technologies. This ratio could then be used with the previously 
established values mentioned above for the average car or truck A/C 
usage impacts to establish a new, A/C system-specific, cap that 
accounts for the actual A/C-related emissions of the system and all the 
A/C efficiency technologies. This is a conceptual framework that 
manufacturers might use to support off-cycle petitions for A/C system 
credits. The Agency requests comment on this or similar approaches that 
make use of the AC17 test procedure to demonstrate A/C-related credits 
and determine an expanded cap on credits. EPA continues to evaluate 
Ford's rationale and will make a final decision after evaluating any 
public comments received on this issue.

B. High-Efficiency Alternators

    Using the alternative methodology approach discussed above, Honda 
and Nissan are applying for credits for model years 2017 and later for 
off-cycle credits using the alternative demonstration methodology 
pathway for high-efficiency alternators. Automotive alternators convert 
mechanical energy from a combustion engine into electrical energy that 
can be used to power a vehicle's electrical systems. Alternators 
inherently place a load on the engine, which results in increased fuel 
consumption and CO2 emissions. High efficiency alternators 
use new technologies to reduce the overall load on the engine yet 

[[Page 6947]]

to meet the electrical demands of the vehicle systems, resulting in 
lower fuel consumption and lower CO2 emissions. Some 
comments on EPA's proposed rule for GHG standards for the 2016-2025 
model years suggested that EPA provide a credit for high-efficiency 
alternators on the pre-defined list in the regulations. While EPA 
agreed that high-efficiency alternators can reduce electrical load and 
reduce fuel consumption, and that these impacts are not seen on the 
emission test procedures because accessories that use electricity are 
turned off, EPA noted the difficulty in defining a one-size-fits-all 
credit due to lack of data. Since then, however a methodology has been 
developed that scales credits based on the efficiency of the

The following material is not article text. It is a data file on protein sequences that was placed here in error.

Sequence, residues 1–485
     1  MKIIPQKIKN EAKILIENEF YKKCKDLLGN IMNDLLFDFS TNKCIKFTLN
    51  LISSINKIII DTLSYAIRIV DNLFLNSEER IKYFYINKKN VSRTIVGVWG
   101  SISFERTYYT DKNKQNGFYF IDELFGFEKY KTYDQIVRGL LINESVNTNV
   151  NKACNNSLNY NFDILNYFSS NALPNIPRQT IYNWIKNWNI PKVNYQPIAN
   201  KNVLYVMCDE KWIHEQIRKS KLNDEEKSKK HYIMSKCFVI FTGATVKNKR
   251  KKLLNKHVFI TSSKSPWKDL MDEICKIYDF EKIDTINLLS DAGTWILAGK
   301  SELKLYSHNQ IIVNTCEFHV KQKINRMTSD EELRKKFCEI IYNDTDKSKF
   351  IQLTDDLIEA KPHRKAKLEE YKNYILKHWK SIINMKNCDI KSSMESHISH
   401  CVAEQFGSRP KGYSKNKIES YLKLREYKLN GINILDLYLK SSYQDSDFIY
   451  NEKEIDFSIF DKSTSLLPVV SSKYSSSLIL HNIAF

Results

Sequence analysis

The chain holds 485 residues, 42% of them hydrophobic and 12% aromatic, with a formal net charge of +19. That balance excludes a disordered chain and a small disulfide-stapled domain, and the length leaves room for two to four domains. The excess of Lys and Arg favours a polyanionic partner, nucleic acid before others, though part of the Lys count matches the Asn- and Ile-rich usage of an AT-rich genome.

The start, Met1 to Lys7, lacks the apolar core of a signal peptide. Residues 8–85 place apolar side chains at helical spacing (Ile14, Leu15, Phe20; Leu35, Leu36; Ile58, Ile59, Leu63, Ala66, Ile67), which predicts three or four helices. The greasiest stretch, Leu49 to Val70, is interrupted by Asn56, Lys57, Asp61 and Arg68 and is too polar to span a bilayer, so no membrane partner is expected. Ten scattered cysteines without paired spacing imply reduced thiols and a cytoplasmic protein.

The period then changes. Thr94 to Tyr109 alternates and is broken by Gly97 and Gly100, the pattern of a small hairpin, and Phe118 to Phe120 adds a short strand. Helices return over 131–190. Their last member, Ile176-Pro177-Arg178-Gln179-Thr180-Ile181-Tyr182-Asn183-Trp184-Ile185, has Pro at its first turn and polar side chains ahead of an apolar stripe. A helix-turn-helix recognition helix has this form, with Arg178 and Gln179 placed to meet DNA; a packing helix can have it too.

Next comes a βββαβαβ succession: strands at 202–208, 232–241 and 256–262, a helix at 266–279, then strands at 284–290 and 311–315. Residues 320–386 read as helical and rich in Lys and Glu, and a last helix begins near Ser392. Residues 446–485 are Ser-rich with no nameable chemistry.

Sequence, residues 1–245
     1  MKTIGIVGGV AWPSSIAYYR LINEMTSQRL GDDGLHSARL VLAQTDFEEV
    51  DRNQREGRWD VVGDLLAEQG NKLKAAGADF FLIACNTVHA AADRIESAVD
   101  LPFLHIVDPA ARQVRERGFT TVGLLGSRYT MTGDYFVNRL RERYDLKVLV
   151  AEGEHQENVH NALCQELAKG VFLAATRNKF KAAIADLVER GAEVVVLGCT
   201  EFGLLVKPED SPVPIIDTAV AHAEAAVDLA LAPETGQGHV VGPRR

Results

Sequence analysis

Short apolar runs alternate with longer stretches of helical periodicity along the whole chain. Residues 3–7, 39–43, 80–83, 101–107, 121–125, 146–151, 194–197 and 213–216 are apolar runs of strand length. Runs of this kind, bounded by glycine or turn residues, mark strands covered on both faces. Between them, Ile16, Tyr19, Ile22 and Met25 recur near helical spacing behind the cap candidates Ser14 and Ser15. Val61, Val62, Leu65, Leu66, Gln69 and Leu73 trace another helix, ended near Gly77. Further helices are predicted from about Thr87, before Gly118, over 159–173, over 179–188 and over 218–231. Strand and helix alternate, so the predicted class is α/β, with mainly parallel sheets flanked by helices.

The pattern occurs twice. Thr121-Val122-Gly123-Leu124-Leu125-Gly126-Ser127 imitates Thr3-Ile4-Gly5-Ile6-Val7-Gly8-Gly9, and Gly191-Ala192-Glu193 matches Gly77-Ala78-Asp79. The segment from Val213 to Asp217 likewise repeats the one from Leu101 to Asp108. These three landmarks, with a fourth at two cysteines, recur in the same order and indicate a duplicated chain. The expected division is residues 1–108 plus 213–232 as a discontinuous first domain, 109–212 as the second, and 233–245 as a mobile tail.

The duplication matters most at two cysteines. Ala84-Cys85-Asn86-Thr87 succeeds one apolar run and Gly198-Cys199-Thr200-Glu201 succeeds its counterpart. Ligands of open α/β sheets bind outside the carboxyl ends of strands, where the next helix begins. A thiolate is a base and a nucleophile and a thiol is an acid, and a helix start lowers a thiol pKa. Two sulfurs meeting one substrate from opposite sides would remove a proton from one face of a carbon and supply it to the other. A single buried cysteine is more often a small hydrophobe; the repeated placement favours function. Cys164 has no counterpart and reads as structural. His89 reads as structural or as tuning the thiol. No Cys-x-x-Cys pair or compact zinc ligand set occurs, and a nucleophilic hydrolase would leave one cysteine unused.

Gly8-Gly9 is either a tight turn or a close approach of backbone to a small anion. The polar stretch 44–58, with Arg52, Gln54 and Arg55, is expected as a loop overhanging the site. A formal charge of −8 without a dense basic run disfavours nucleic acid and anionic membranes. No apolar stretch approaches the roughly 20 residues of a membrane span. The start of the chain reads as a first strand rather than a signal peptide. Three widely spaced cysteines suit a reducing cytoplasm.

alternator; alternators with efficiency (as measured using an accepted 
industry standard procedure) above a baseline value could get credits. 
EPA has previously approved credits for high-efficiency alternators 
using this methodology for Ford Motor Company, General Motors 
Corporation, Fiat Chrysler Automobiles, Hyundai, Kia, and Toyota Motor 
Company. Details of the testing and analysis can be found in the 
manufacturer's applications.

III. EPA Decision Process

    EPA has reviewed the applications for completeness and is now 
making the applications available for public review and comment as 
required by the regulations. The off-cycle credit applications 
submitted by the manufacturer (with confidential business information 
redacted) have been placed in the public docket (see ADDRESSES section 
above) and on EPA's website at https://www.epa.gov/vehicle-and-engine-certification/compliance-information-light-duty-greenhouse-gas-ghg-standards.
    EPA is providing a 30-day comment period on the applications for 
off-cycle credits described in this notice, as specified by the 
regulations. The manufacturers may submit a written rebuttal of 
comments for EPA's consideration, or may revise an application in 
response to comments. After reviewing any public comments and any 
rebuttal of comments submitted by manufacturers, EPA will make a final 
decision regarding the credit requests. EPA will make its decision 
available to the public by placing a decision document (or multiple 
decision documents) in the docket and on EPA's website at the same 
manufacturer-specific pages shown above. While the broad methodologies 
used by these manufacturers could potentially be used for other 
vehicles and by other manufacturers, the vehicle specific data needed 
to demonstrate the off-cycle emissions reductions would likely be 
different. In such cases, a new application would be required, 
including an opportunity for public comment.

    Dated: January 27, 2020.
Byron J. Bunker,
Director, Compliance Division, Office of Transportation and Air 
Quality, Office of Air and Radiation.
[FR Doc. 2020-02370 Filed 2-5-20; 8:45 am]